This study evaluated the air and surfaces for contamination, collecting 29 total samples across nine households. 75% of collected samples were positive for SARS-CoV-2. After use of the portable air cleaner, all but one were negative. 

Their conclusion was as follows:

“[I]t has been demonstrated that PACs with HEPA filters reduce aerosol concentration and accelerate their removal in rooms with low ventilation rates.”

There is an important caveat to their findings, expressed here:

“It is worth highlighting that the PAC was not effective in room C, with a size larger than the recommended by the device (27 m2), although the operating time was longer than in other rooms (>2 h). However, in the room of the patient E, whose size was in the recommended limit, the concentration of particles in the air reduced after 2 h of cleaning, and the result from real-time RT-PCR analysis was negative. These facts show the importance of following the manufacturer's recommendations, using as many devices as necessary, according to their filtration capacity and the size of the room.”

Put plainly, the takeaway is that the air purifier killed the virus, but only when it was used as designed, in the right size space and according to manufacturer specifications.

Should People Purchase Air Purifiers to Kill Viruses? Study 3

A last study we will summarize was published in the Morbidity and Mortality Weekly Report, republished by the National Institutes of Health. It is titled, “Efficacy of Portable Air Cleaners and Masking for Reducing Indoor Exposure to Simulated Exhaled SARS-CoV-2 Aerosols.” A team of researchers set out to review the capabilities of air purifiers to reduce airborne transmission of the SARS-CoV-2 virus, and investigate the key Centers for Disease Control (CDC) recommendations, which include supplementing ventilation systems with portable HEPA air cleaners.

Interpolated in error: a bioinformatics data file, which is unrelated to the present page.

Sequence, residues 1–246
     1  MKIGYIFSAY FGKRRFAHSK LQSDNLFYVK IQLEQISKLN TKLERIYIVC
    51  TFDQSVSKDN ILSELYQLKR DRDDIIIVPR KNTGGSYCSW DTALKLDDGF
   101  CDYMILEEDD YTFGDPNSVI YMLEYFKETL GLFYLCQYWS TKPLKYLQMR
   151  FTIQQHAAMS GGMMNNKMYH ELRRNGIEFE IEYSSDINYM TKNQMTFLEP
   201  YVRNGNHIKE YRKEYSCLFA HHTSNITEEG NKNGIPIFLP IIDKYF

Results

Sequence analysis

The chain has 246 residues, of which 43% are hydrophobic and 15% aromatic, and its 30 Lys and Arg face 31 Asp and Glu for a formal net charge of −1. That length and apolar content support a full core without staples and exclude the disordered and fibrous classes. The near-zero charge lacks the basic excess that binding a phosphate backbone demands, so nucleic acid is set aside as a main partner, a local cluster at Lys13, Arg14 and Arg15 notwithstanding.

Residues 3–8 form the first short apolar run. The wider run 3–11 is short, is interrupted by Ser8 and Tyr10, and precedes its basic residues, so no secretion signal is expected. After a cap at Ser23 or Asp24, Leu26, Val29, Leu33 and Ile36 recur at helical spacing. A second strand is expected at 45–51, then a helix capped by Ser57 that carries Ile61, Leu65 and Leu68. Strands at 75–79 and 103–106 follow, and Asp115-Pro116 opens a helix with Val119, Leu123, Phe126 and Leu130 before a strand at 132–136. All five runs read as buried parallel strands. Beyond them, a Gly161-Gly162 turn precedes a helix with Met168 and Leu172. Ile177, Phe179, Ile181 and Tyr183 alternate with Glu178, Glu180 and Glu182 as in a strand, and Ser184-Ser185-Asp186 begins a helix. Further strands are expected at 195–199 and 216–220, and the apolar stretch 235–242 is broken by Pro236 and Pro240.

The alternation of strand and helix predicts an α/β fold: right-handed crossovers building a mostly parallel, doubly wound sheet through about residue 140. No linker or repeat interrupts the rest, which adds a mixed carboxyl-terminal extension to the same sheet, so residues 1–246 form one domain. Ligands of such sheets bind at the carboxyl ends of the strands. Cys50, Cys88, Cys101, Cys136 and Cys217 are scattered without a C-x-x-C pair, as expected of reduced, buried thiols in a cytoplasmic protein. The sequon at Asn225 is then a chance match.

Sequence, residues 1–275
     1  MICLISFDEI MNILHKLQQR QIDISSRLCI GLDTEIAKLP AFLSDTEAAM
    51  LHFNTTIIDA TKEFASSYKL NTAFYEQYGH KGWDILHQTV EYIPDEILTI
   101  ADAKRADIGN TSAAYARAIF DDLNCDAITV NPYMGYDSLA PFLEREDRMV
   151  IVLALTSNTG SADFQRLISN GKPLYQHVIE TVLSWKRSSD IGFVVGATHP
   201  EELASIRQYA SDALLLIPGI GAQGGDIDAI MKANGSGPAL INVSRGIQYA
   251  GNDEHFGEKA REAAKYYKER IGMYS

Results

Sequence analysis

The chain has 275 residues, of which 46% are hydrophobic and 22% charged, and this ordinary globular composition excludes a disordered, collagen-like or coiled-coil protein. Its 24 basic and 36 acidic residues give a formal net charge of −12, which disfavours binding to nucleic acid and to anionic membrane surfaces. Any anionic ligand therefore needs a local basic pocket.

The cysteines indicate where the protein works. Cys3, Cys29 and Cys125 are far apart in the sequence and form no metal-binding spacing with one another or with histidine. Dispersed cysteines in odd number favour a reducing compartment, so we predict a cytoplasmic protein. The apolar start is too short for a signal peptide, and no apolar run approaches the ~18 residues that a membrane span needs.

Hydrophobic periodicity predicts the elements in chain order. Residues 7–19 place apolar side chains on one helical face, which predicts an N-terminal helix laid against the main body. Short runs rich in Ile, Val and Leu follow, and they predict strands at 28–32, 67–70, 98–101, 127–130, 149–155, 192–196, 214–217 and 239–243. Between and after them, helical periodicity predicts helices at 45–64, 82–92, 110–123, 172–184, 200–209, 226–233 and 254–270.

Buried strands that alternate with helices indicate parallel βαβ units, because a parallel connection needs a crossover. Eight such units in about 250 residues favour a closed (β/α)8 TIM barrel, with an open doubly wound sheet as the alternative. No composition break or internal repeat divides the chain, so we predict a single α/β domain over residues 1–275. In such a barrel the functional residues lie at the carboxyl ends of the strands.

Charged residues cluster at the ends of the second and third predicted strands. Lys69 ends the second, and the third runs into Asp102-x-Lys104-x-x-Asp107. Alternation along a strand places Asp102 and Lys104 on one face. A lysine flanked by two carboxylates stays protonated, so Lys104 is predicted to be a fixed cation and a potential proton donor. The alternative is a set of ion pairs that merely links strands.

The team simulated transmission between an infected person with COVID-19 and uninfected persons in a closed indoor space. They found the following:

“The addition of two HEPA air cleaners that met the Environmental Protection Agency (EPA)-recommended clean air delivery rate (CADR) (5) reduced overall exposure to simulated exhaled aerosol particles by up to 65% without universal masking. Without the HEPA air cleaners, universal masking reduced the combined mean aerosol concentration by 72%. The combination of the two HEPA air cleaners and universal masking reduced overall exposure by up to 90%. The HEPA air cleaners were most effective when they were close to the aerosol source. These findings suggest that portable HEPA air cleaners can reduce exposure to SARS-CoV-2 aerosols in indoor environments, with greater reductions in exposure occurring when used in combination with universal masking.”

What Air Purifiers Kill Viruses?

These studies were rigorously conducted according to sound scientific principles, or represent the educated opinion of analysts who reviewed such studies. It’s the kind of information you can reasonably trust and use to make your own informed decisions about how to protect your family against the spread of any virus, including COVID-19.

The type of air purifier technology mentioned most in these studies is HEPA, which is a core approach to purifying the air. There are additional technologies, and we’ve found that multistage filtration is the best and most effective way to fully clean indoor air. Coupled with UV, carbon filtration, and bi-polar ionization, you have a winning combination to safeguard against viruses.

To buy an air purifier to kill viruses in your home, we recommend you check out the iAdaptAir® HEPA UV Air Purifier, our bestselling, best-in-class air purifier for protection from viruses and all types of irritants and contaminants.

Up next, read an overview of the Best Air Purifiers for COVID-19.